One person controls the relationship by using fear, force or intimidation and eventually weakens your self-worth and confidence.Emotional or mental abuse is more obvious when your partner yells or swears using emotional bullying.If one intimate partner is using coercion, threats, physical violence, intimidation, isolation, emotional or any other type of abuse to control the other partner, it is classified as domestic violence.While many people like to believe “it could never happen to me”, in fact domestic abuse can happen to anyone in any part of the world.If your partner displays a combination of these behaviors, he/she may be a batterer and abuser: Emotional abuse can escalate into physical violence under certain circumstances.Here are some risk factors associated with an increased severity in abuse: If you recognize any of these patterns or warning signs, you are not alone.Domestic violence can include physical, emotional, sexual, economic and psychological abuse.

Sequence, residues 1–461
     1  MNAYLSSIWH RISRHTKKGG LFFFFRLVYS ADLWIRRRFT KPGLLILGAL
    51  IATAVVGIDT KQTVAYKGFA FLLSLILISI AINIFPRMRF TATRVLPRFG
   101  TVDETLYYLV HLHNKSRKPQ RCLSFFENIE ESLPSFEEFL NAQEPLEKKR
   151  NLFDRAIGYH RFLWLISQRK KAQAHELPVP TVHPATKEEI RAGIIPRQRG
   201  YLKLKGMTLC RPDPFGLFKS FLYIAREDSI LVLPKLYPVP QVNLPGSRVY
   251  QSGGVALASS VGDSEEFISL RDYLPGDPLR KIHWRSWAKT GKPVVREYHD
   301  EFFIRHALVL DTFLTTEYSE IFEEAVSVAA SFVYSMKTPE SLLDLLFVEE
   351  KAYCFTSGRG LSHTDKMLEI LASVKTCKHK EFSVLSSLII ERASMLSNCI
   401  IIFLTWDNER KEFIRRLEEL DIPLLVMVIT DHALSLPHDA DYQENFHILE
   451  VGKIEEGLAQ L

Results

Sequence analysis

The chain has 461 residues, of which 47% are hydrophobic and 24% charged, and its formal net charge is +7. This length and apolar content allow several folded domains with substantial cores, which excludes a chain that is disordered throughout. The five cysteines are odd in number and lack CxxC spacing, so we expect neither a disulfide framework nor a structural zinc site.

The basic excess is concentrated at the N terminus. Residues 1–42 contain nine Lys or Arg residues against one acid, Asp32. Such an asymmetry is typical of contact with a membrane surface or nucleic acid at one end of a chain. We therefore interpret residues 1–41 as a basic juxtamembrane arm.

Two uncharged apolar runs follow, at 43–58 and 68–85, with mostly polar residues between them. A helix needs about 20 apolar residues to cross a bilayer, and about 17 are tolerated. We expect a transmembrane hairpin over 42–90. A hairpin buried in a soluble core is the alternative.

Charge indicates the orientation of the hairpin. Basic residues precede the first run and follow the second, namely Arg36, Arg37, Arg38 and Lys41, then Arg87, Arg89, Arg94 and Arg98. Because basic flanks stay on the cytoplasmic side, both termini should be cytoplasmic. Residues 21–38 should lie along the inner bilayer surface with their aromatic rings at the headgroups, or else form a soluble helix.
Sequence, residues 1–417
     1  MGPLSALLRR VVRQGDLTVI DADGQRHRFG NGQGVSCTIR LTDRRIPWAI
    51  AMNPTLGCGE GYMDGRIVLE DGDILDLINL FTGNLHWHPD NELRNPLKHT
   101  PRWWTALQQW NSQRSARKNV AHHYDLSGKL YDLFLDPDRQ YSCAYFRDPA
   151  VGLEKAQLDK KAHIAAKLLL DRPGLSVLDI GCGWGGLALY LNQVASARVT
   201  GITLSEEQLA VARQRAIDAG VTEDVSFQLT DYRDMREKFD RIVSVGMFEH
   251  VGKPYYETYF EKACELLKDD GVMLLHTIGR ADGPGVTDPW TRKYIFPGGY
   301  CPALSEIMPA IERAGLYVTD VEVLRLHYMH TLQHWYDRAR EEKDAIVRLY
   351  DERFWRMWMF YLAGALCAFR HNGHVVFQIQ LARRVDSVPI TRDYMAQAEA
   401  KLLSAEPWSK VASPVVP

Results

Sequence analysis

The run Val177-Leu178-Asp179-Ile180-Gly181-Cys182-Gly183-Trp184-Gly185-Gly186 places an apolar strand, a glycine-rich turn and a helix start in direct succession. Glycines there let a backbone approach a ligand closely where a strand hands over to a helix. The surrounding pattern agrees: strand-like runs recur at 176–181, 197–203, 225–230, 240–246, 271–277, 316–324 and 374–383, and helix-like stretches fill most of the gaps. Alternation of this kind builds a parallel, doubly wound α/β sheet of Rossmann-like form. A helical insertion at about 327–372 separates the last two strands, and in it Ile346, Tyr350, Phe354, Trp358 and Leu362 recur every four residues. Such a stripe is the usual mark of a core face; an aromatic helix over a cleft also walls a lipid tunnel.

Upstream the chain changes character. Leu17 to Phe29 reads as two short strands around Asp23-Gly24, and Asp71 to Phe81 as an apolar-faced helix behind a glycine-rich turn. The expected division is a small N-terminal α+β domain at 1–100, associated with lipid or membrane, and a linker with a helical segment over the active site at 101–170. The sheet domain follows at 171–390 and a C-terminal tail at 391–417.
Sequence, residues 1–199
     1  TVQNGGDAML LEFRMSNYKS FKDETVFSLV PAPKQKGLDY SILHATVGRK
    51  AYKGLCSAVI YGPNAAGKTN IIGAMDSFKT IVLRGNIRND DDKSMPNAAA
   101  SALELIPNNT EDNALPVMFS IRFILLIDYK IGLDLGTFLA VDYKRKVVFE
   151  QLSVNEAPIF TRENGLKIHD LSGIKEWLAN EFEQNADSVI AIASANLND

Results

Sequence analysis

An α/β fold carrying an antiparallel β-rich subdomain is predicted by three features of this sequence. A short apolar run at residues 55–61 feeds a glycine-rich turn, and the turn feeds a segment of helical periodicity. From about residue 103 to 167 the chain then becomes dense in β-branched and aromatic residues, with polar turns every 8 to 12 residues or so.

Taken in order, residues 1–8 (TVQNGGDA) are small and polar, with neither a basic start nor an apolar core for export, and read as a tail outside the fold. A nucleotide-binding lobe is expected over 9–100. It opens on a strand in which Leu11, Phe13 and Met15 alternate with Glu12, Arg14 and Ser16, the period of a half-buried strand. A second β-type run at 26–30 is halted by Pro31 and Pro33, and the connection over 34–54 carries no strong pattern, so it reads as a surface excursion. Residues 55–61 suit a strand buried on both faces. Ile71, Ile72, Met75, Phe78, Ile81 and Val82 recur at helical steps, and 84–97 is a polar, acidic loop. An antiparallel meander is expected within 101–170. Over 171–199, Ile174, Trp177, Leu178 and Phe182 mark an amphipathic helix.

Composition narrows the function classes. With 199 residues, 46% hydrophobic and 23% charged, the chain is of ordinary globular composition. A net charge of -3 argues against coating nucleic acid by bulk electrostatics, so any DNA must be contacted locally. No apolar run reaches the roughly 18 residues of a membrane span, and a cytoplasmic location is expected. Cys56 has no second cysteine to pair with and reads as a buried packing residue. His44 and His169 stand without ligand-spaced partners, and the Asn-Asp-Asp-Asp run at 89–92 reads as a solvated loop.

Abuse isn’t always limited to being physical alone and any sort of abuse in a relationship is an instant deal breaker.Not so obvious emotional abuse can include your partner giving you the “silent treatment” to control you or denying things they’ve said to you or things they have done to you.If you hear, “I don’t know what you are talking about,” and “I never said that,” these are warning signs that your partner might be emotionally abusing you.Most abusers are men and while big, loud aggressive men seem like the stereotypical abusers, even small, quiet, unassuming men can be abusive.If you have children and are living in a poisonous abusive environment, this could affect their well being as well.They are not only traumatized by the abuse, but they are at risk of becoming victims of the abuser as well.Long term exposure to an abusive relationship can lead to severe psychological and social problems for the child.According to data from the National Coalition Against Domestic Violence General Information Packet (2007), almost 95% of DV victims are women.Of the women in intimate relationships, more than half are likely to experience physical violence at some point in their relationship and for about 24-30% of these women, this violence and battering is likely to be ongoing.Call the Minnesota Day One Crisis Hotline number 1.866.223.1111. Cycle of Domestic Violence Violence in the Suburbs Warning Signs Effects on Children Animal Abuse and DV Safety Planning What Prevents Victimsfrom Leaving Stopping Abuse About Batterers Elder Abuse Teen Dating Violence Bullying Legal Information Why do Abuse Victims Stay? But breaking free of abuse is not simply a matter of walking out the door. It can be difficult for many people to understand why a person would stay in an abusive relationship. Strong emotional and psychological forces keep the victim tied to the abuser.